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The Construction of the Two Palaces: The Composition of the Song of Digenis Akritas and the Claim for the Anatolic Hegemony of Alexius Komnenos

The Construction of the Two Palaces: The Composition of The Song of Digenis Akritas and the Claim for the Anatolic Hegemony of Alexius Komnenos

By João Vicente DE MEDEIROS PUBLIO DIAS

Published Online (2012) – Originally published as “Erytheia: revista de estudios bizantinos y neogriegos” Instituto Hispano-Helenico, Number 31 (2010) pp. 55-73

Abstract: The arrival of the Komnenos-Doukas faction at the imperial throne, with the rising of Alexius Komnenos in 1081, represents a strong change in the rhetoric and sharing of power in Byzantium. However, while the propaganda works of this emperor’s son and grandson are well known, the literary circles related to Alexius I himself are almost unknown. Therefore, in this article, we propose that the Song of Digenis Akritas was a literary construction to legitimate the supremacy claims of Alexius I Komnenos related with Anatolia, which was menaced by the Turks and the Crusaders. We base our hypothesis on three buildings, both material and discursive: the Blachernae Palace in Constantinople, the Treaty imposed by Alexius I to the Seljuk sultan Malik-Shah in 1116 and the Digenis’ palace by the Euphrates’ banks.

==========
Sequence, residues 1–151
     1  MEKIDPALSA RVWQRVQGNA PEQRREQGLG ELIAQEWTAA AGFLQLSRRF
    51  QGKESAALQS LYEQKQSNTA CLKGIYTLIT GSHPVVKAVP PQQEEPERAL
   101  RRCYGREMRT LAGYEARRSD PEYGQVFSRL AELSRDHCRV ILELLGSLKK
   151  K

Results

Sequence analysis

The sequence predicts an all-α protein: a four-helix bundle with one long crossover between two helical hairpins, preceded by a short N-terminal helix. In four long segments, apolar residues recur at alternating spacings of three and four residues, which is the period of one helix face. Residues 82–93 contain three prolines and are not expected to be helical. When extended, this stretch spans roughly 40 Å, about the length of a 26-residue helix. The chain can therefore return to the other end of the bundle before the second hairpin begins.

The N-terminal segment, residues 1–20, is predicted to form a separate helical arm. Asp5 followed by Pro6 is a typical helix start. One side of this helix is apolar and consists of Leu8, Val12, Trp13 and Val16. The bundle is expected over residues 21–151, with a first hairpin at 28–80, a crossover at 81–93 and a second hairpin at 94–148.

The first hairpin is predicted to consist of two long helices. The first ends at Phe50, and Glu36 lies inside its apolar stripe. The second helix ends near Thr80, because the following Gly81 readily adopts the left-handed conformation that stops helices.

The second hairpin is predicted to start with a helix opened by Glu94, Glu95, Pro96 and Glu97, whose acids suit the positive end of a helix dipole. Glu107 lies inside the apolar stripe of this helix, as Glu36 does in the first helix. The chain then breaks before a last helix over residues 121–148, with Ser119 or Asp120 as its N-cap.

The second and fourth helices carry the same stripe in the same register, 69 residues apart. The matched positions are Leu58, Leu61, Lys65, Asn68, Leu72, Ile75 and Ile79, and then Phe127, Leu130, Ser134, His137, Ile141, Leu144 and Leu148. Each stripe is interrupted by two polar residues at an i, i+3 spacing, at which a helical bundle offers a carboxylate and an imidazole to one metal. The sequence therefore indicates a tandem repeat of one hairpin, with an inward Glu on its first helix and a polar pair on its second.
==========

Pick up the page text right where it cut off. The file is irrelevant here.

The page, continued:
Introduction: This article is based on the investigations carried out along the Masters Degree program in History, in the research line of Culture and Power at Universidade Federal do Paraná (Brazil), entitled “From the Frontier to Constantinople: the insertion of the Song of Digenis Akritas in the Byzantine political scene (11th and 12th Centuries)”.  In the dissertation we approached the debate, developed around the Song of Digenis Akritas – work that represents the foundation of a new fictional genre, blossomed at the court of the Komneni – and around the foundation of Alexius Komnenos’ reign, which reformed the Byzantines’ political institutions, as well as the division of power. This emperor enabled the arise of a familiar court that created and appreciated this Byzantine romances.  However, it is not believable that the innovations related to the Song of Digenis Akritas and Alexius Komnenos may have arisen independently. Therefore, we focused our analysis in three “constructions”: the palace of Blachernae, the palace which Digenis Akritas, built in the end of his life on the banks of Euphrates, and the treaty imposed by Alexius I to the Seljuk sultan Malik Shah at the year 1116.

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